Hospitals driving pattern of overspending in health, Ifac warns
Budgetary watchdog criticises Government for failing to rein in health spending
‘The most persistent driver of these overspends was hospital spending.’ File photo.
The persistent pattern of overspending in the State’s health budget is being driven by hospitals, according to the Irish Fiscal Advisory Council (Ifac).
In its latest assessment, the State’s budgetary watchdog again criticised the Government for failing to stick to its spending plans and for using the current windfall in corporation tax to paper over the cracks.
It warned that Government spending this year was likely to overshoot by about €700 million, in part because of overruns in health. Health overspending in recent years has been “substantial”, averaging around €500 million a year between 2014 and 2018, the council said.
The most persistent driver of these overspends was hospital spending, 70 per cent of which related to staff costs, it said.
The council noted that hospital spending increases had effectively been achieved through overruns rather than planned spending.
“Is it a case of a failure to stick to budgets or is it budgets that lack credibility in the first place?” Ifac chairman Seamus Coffey said. “It looks like it could potentially be a combination of the two,” he said.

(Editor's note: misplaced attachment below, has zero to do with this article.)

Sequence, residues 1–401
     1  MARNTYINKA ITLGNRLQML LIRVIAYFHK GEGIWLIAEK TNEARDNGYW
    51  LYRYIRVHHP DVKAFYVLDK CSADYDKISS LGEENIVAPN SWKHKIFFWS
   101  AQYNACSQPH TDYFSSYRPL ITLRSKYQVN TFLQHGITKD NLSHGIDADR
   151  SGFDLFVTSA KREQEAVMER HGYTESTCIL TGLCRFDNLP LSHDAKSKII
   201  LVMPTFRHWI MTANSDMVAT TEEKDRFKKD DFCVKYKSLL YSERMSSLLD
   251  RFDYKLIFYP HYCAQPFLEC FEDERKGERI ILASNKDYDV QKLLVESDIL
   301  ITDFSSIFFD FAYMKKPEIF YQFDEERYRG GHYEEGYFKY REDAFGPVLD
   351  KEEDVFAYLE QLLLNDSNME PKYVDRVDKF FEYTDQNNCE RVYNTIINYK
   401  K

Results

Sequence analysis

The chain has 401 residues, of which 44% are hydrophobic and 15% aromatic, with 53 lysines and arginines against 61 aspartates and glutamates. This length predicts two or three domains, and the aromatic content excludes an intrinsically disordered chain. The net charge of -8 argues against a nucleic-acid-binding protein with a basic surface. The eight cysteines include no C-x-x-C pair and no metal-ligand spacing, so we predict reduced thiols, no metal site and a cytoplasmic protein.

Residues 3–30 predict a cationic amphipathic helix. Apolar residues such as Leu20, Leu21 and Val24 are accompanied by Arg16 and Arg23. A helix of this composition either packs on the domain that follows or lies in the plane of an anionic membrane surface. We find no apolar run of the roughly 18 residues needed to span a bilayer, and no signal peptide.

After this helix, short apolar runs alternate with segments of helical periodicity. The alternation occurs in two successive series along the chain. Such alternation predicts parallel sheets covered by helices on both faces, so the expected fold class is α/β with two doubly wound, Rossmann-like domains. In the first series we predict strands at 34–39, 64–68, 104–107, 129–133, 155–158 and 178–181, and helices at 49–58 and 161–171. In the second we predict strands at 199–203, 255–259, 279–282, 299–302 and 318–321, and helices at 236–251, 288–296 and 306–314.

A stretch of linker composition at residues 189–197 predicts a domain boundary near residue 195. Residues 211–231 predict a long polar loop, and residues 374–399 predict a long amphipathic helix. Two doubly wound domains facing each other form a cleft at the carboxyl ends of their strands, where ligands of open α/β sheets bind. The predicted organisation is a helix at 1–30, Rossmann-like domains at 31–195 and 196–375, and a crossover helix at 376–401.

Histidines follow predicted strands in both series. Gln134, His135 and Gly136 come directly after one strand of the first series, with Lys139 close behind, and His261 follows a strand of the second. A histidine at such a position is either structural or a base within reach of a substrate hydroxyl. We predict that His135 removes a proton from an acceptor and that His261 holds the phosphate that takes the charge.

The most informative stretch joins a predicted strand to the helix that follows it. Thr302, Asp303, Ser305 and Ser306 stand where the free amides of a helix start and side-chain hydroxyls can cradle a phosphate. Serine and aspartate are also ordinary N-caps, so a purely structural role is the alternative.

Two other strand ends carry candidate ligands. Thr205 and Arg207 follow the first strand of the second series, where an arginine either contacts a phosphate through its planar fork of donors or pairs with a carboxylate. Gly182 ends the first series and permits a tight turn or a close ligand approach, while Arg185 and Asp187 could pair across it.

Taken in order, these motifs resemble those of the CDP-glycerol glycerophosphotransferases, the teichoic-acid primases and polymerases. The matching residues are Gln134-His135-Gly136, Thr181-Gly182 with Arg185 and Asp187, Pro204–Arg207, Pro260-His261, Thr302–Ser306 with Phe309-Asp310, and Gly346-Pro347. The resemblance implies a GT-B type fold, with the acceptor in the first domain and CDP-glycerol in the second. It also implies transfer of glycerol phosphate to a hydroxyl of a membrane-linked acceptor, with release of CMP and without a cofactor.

Nonetheless the council said that persistent overruns in health had been the result of weak planning and weak spending controls and that this had led to a “soft budget constraint” problem across the health service.
“That is, the budget allocations are not seen as credible by the health managers, which can lead to unplanned increases in spending,” it said.
The council has been repeatedly critical of the Government’s failure to stick to its budgetary plans. It said Budget 2020 involved a spending hike of 4.4 per cent, which was significantly ahead of the 3.1 per cent signalled earlier in the year. However, this was still a sustainable level of expansion, it said.
The council warned that recent upward spending revisions had been in current spending, including in health, “and hence will be longlasting in nature” and harder to reverse in a downturn.
In its report, the fiscal monitor also raised concern about the Government’s increased reliance on corporation tax receipts, which hit a record €10.4 billion last year, accounting for one-in-five euros of tax collected.
It estimated that between €2 billion and €6 billion of the current windfall may be temporary in nature leaving the public finances extremely exposed to potential reversals.
Mr Coffey also warned that with 80 per cent of receipts coming from foreign multinationals, spending the additional revenue had the potential to overheat the economy, particularly during this phase of accelerated growth.
The council said the Government needed to improve transparency around spending in non-exchequer areas, which are expected to drive budgetary overruns this year. Much of the additional non-exchequer spending this year appears to relate to local authority and approved housing agency funding for social housing.
Ifac was also critical of the Government’s so-called rainy-day fund plans, which it said had been watered down since their inception in 2016. Originally the Government pledged to set aside €1 billion every year starting in 2019, but this was later revised down to €500 million and then deferred altogether because of Brexit.